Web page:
“Roger Sayre: Sound and Vision” is the thirty-first exhibition that Brendan Carroll will organize for SILVERMAN. For additional information on the artist, go here: rogersayre.com.

SILVERMAN has presented the works of Elizabeth Gilfilen, Robert Hendrickson, Sarah Becktle, Kati Vilim, Mark Dagley, Candy Le Sueur, Ed Fausty, Anna Mogilevsky, Ali Harrington, Sara Wolfe, Anne Percoco, Shauna Finn, Melanie Vote, Paul Lempa, Fanny Allié, Michael Meadors, John A. Patterson, Charlotte Becket, Roger Sayre, Karina Aguilera Skvirsky, Tom McGlynn, Margaret Murphy, Valeri Larko, Tenesh Webber, Glenn Garver, Jennifer Krause Chapeau, Michelle Doll, Tim Heins, Megan Maloy, Laurie Riccadonna, Thomas John Carlson, Tim Daly, Ann Flaherty, Scott Taylor, Jason Seder, Sara Wolfe, Beth Gilfilen, Andrzej Lech, Hiroshi Kumagai, Victoria Calabro, Asha Ganpat, Darren Jones, Ryan Roa,Laura Napier, Risa Puno, Nyugen E. Smith, Amanda Thackray, and Kai Vierstra.

Transportation directions from Lower Manhattan to Hamilton Square Condominium Association.

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SILVERMAN AND HAMILTON SQUARE CONDOMINIUM ASSOCIATION present
“From the Metropolis and the Mountains: Paintings by Robert Hendrickson”

Opening Reception: Wednesday, January 20, 2016, 6–8 p.m. 

Hamilton Square
232 Pavonia Avenue, Jersey City, NJ 07302
201.434.8000

Exhibition on view in the lobby from January 20, 2016, to May 6, 2016.

Curated by Brendan Carroll, brendanscottcarroll.com

“I work directly from what I see.” –Robert Hendrickson

Hoboken Panorama, 2010, oil on linen, 30 x 84 inches.

Hoboken Panorama, 2010, oil on linen, 30 x 84 inches.

SILVERMAN and Hamilton Square Condominium Association present “From the Metropolis and the Mountains: Paintings by Robert Hendrickson.” This exhibition comprises a series of modest to large-scale oil paintings on linen, canvas, and wood panel. The mini survey, which spans 10 years, features both urban and pastoral landscapes completed in the plein-air tradition. The scenes are devoid of people but never lifeless.

For the past three decades, Robert Hendrickson has chosen to paint the places he has called home: Jersey City, Bayonne, and Colchester, NY. With titles such as Bayonne Sunset (2008), Pulaski Skyway (2005), Colgate Clock, Afternoon (2010), Pepacton Inlet (2012), Shed in Snow (2010), and Zinnias (2014), Hendrickson’s paintings present his everyday subjects in an unsentimental, no-nonsense style. His brushwork is direct, unfussy, knowing. The paintings are as much about color, light, and shape they are about depicting specific locales.

In a thrilling development, there’s a new sense of brevity to his forms. Hendrickson paints what he sees, nothing more, nothing less: a fledgling tomato plant under the midday sun; a fallen tree in a snow-covered woodlot; an isolated road unfurling into Hoboken. He never rearranges what he sees to fit an idealized view or a conception of the landscape. He is faithful to what nature presents to him. But it would be careless to suggest that his paintings have ever bordered on hyperrealism. Eliciting a sense of space has always seemed to be more important than capturing the likeness of the objects being depicted.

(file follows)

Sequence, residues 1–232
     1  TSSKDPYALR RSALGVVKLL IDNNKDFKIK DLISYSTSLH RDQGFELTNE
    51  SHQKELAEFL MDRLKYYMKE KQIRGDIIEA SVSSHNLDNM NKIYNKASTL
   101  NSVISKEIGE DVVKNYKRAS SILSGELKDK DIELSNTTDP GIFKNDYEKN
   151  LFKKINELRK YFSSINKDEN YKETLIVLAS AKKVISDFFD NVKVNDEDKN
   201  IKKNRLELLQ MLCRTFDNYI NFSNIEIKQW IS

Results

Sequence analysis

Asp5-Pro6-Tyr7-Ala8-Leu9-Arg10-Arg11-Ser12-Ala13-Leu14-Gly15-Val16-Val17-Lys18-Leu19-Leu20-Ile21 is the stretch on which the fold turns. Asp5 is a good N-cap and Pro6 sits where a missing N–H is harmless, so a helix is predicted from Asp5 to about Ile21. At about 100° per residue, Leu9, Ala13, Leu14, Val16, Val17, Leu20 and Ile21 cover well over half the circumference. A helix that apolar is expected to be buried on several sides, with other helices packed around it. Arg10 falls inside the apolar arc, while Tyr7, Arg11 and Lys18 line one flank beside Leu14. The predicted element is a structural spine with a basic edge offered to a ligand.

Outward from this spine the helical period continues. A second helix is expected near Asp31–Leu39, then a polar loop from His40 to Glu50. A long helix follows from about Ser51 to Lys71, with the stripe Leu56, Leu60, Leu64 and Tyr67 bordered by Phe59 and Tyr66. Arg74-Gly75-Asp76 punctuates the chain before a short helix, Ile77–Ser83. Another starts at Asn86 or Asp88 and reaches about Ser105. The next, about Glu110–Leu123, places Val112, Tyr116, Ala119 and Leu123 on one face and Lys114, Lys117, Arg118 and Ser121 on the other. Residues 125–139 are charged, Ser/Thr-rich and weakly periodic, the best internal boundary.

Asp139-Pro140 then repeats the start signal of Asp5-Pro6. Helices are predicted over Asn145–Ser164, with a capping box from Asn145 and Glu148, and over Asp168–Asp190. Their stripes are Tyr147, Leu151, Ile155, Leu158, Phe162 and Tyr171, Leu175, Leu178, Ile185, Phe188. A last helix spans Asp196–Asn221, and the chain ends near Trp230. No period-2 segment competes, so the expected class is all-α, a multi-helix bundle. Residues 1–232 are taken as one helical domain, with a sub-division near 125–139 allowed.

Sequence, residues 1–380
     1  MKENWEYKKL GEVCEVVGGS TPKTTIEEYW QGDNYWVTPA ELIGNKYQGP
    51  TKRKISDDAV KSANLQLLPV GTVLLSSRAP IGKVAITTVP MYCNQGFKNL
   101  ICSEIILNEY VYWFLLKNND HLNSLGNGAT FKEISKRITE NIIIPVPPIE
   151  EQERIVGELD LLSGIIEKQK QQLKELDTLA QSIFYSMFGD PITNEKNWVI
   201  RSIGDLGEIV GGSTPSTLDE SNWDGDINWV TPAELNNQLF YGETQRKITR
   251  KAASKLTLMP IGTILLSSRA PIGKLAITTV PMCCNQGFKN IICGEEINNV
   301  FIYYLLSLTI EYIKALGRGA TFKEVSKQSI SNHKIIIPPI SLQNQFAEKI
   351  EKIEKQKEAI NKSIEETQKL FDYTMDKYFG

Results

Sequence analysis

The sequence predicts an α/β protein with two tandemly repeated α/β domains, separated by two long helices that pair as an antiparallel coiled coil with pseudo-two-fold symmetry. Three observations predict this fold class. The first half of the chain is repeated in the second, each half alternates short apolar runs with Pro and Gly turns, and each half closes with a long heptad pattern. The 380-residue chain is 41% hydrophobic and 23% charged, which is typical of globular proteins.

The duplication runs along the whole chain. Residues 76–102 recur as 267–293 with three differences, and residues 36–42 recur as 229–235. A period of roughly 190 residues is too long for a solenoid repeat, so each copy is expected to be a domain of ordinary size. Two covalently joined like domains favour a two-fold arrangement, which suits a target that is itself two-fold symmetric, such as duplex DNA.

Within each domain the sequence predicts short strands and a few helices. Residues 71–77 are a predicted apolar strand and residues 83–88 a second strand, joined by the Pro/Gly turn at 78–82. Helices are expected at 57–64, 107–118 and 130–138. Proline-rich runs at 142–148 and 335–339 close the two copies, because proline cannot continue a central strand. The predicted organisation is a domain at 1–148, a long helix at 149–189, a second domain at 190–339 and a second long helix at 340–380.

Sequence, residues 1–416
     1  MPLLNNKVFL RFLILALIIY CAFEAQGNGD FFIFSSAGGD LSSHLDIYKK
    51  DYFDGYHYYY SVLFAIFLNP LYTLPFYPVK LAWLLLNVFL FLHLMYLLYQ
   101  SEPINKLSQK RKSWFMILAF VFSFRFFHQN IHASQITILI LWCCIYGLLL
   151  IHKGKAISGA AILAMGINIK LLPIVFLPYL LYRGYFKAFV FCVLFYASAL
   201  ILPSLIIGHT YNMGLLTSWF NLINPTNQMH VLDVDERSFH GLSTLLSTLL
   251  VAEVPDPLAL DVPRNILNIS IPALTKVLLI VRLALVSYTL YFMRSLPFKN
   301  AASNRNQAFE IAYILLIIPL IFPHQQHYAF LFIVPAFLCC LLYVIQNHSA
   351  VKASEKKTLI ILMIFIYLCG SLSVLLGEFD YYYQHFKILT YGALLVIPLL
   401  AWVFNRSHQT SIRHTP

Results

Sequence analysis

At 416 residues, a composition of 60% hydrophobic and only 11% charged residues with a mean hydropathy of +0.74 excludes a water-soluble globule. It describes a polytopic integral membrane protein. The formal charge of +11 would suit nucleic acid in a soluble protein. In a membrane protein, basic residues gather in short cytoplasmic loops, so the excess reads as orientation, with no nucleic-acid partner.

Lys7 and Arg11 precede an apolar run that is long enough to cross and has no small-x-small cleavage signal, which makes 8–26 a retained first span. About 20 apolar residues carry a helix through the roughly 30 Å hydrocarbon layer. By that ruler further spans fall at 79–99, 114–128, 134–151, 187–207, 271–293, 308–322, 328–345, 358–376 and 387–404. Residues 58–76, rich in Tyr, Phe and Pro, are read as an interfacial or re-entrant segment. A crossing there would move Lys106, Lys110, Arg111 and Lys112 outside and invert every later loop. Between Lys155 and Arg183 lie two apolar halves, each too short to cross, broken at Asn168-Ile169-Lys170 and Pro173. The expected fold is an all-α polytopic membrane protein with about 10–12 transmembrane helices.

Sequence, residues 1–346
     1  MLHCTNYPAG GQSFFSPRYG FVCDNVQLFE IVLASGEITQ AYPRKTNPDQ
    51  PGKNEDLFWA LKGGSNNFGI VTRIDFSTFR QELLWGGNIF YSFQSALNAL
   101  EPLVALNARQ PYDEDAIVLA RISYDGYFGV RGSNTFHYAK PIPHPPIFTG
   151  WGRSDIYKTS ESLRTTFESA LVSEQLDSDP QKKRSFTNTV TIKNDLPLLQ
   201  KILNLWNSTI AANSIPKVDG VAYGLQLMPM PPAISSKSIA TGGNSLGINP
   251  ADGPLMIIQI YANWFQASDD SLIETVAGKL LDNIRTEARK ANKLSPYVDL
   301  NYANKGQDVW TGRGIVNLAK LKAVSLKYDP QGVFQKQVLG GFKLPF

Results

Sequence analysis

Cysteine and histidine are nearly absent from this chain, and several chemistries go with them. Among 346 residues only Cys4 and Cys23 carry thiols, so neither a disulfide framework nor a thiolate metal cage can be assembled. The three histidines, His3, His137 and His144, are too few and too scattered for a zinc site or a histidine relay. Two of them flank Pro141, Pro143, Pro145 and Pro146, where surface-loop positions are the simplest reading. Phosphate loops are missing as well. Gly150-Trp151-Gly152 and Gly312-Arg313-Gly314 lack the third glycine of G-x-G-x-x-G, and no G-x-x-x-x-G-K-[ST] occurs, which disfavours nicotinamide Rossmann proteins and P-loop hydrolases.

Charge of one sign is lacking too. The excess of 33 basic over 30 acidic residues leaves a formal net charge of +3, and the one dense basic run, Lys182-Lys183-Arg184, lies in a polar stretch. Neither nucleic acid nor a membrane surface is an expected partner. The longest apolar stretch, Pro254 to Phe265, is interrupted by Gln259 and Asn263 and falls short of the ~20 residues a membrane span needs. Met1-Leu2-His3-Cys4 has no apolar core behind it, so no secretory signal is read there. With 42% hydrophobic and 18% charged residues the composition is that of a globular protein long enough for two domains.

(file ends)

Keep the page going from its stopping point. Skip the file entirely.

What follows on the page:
Jersey City Heights

Jersey City Heights, 2007, oil on linen, 20 x 50 inches

Colgate Clock, Afternoon

Colgate Clock, Afternoon, 2009, oil on panel, 10.5 x 14 inches

Hendrickson tends to paint on a modest scale, which he likens to writing a short story. These paintings, unburdened by superfluous detail, simplify the landscape to geometry and hue. From time to time, however, he likes to open up space and paint on a large scale. These works, by contrast, feel more “like an epic novel” to him. Hoboken Panorama, for example, provides a sweeping, all encompassing view of the Mile Square City, which never seems bogged down by minutia.

Intuition, more than emotional connection or convenience, determines what scene he will or will not decide to paint. “This intuition allows me to find landscapes that lend themselves to an interesting abstract arrangement of forms and space,” he remarks.

Woods

Snow woods, 2014, oil on linen, 24 x 26 inches

“I used to really enjoy driving around the metropolis this side of the Hudson, attempting to find my next painting spot. It was like a treasure hunt. It was always the more ordinary that interested me. I never wanted my painting to be overwhelmed by the subject that I was painting. For example, the Manhattan skyline is a very attractive thing to try to paint. But for me, it may be a difficult thing to paint in a way that it doesn’t look like some picture postcard.”